This half-sentence extracted from a speech by the Sinn Fein President on Saturday evening needs some further explanation.
It does not suggest an easy or a quick return to the Stormont political institutions.
Indeed, speaking to this website, a senior DUP elected representative dismissed the Sinn Fein emphasis/focus on restoration as being for the “southern optics”; in other words, having more to do with the party’s political project in the republic.
That DUP source has no sense of movement towards any in-depth talks or negotiations between the parties – certainly not yet.
So, we may still be as far away from devolution as in January last year when the late Martin McGuinness resigned as deputy first minister.
STUCK ON THE SAME ISSUES
The issues have not changed since the failure to close the draft agreement of February 2018 when the DUP walked away at the very last minute – Arlene Foster and her negotiating team unable to deliver.
“And so the two governments must act now to deliver on marriage equality, to address the legacy of the past and to deliver Acht na Gaeilge,” Mary Lou McDonald said in that speech to the Sinn Fein Ard Fheis at the Waterfront Hall in Belfast on Saturday.
There is no sign of such a move from the two governments; one of them incapable of moving because of the Westminster numbers and the confidence and supply agreement with the DUP.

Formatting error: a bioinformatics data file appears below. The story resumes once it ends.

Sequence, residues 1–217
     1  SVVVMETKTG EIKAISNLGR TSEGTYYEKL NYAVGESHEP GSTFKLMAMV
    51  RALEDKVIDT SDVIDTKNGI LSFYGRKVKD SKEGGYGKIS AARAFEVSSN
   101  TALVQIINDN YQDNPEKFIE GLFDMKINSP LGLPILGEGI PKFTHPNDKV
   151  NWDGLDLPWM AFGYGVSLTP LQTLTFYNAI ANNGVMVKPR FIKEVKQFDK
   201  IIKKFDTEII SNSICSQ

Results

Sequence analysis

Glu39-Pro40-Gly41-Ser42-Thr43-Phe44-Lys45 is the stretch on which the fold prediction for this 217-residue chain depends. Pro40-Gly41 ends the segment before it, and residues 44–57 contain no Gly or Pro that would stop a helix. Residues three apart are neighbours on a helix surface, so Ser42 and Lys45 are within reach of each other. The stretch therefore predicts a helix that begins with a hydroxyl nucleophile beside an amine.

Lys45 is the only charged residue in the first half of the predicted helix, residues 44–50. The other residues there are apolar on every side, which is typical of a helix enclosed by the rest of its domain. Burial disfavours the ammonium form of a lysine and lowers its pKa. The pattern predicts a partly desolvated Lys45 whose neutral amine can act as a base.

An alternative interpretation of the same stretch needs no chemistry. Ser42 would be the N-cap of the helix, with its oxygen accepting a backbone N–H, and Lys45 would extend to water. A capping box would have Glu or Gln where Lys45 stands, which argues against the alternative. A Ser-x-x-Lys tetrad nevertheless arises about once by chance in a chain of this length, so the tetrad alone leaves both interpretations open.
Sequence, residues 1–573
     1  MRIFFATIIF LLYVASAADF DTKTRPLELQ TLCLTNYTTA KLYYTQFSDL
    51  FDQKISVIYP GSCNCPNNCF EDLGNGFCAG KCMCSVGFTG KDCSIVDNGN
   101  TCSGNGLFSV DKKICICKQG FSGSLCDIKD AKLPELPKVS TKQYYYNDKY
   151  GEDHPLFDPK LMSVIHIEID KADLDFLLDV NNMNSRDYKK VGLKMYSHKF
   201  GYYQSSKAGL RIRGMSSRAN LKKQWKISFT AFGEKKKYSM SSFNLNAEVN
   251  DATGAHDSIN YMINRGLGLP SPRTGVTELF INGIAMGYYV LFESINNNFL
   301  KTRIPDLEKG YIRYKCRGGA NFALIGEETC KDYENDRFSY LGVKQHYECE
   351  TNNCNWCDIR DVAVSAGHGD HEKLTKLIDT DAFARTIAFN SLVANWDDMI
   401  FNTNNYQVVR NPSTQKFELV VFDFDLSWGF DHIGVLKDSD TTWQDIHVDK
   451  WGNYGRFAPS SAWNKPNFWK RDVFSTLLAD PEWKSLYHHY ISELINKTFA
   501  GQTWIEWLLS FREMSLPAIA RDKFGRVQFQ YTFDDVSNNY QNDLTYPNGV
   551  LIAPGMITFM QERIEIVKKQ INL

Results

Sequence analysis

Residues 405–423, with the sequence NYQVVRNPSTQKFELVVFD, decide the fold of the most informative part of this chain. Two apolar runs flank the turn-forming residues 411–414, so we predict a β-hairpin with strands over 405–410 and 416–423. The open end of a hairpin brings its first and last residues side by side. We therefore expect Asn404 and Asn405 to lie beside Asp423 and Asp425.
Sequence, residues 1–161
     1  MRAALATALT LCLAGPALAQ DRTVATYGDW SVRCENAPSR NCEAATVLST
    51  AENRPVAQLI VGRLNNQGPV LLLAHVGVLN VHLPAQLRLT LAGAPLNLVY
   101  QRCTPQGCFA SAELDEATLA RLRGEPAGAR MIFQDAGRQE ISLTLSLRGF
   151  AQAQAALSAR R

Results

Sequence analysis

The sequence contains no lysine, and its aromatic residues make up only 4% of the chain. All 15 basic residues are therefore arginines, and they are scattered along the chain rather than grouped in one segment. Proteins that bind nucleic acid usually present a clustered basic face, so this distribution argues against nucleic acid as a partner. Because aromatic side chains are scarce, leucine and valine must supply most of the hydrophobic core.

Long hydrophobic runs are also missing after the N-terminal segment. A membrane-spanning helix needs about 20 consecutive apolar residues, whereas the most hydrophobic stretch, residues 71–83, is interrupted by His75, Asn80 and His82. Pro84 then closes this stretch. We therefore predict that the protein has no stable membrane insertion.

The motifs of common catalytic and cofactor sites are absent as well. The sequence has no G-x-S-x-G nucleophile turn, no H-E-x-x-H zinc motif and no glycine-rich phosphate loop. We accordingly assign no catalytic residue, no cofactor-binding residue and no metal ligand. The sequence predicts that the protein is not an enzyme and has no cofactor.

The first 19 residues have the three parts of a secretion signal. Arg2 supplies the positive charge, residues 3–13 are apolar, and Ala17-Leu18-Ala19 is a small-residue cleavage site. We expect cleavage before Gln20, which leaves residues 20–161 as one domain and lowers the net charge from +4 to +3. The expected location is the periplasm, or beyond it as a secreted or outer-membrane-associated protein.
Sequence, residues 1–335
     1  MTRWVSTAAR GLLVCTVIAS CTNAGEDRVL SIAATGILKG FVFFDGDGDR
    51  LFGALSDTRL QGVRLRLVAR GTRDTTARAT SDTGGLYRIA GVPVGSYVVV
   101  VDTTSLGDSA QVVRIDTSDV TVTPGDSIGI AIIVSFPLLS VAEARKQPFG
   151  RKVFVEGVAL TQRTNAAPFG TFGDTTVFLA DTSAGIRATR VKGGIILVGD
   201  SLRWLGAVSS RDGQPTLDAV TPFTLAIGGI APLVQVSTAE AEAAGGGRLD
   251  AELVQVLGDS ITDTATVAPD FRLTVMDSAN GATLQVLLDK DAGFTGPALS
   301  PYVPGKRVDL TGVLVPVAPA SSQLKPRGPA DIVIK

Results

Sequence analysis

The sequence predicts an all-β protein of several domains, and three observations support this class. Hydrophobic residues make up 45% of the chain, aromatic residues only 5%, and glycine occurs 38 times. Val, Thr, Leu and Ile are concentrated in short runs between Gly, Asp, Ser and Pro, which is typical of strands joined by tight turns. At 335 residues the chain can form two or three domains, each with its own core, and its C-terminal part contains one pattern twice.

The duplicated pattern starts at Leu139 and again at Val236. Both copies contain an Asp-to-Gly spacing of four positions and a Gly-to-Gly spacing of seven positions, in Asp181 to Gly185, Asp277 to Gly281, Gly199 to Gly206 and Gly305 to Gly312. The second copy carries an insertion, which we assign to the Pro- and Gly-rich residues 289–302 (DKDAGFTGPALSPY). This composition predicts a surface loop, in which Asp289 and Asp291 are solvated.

In these circumstances, Dublin has been unable to get agreement on a meeting of the intergovernmental conference or on some joint initiative.
Taoiseach Leo Varadkar made this clear in a recent interview with UTV deputy political editor Tracey Magee.
The NIO “departmental core narrative” is a broken record stuck in some stale briefing note. Where is the evidence of redoubling efforts to achieve a restoration of the Executive – the negotiations to achieve such, the introduction of the type of facilitators who will be needed?
BREXIT HOBBY HORSE
There is no evidence and, in the waiting, Brexit, RHI and legacy are becoming ever larger and more problematic.
“Whenever Brexit is settled they [Sinn Fein] can dismount that particular hobby horse and get back to real politics,” that senior DUP elected representative told eamonnmallie.com
A few days before the Sinn Fein Ard Fheis convened in Belfast, party councillor Seanna Walsh tweeted about “advice on the doors” – that advice, not to even think about going back into government with Arlene Foster.
Sinn Fein did think about it in February, but only in the context of the advanced draft agreement then on issues including Irish language and separately a legacy agreement with the Northern Ireland Office including a five-year funding package for legacy inquests.
That bar is not going to get any lower. Indeed, the longer the DUP wait, then the higher the jump they will have to make if Arlene Foster is to be first minister.
Sinn Fein will take the pulse of the community before any decision.
From this political vacuum and limbo, we are watching an unstoppable tide. You see it in the Repealing the Eighth referendum and hear it in the message – “the North Is next”.
Power-sharing – proper partnership government – is the only workable process here.
It is the right thing – but, it seems, we are still in the wrong time.
Will there be a government by January 2019 – two years on from the McGuinness resignation?
Who would bet big money on that?
No one is suggesting any serious negotiation until Brexit is settled, and how that is done will determine whether there is any mood for yet another effort to make Stormont work.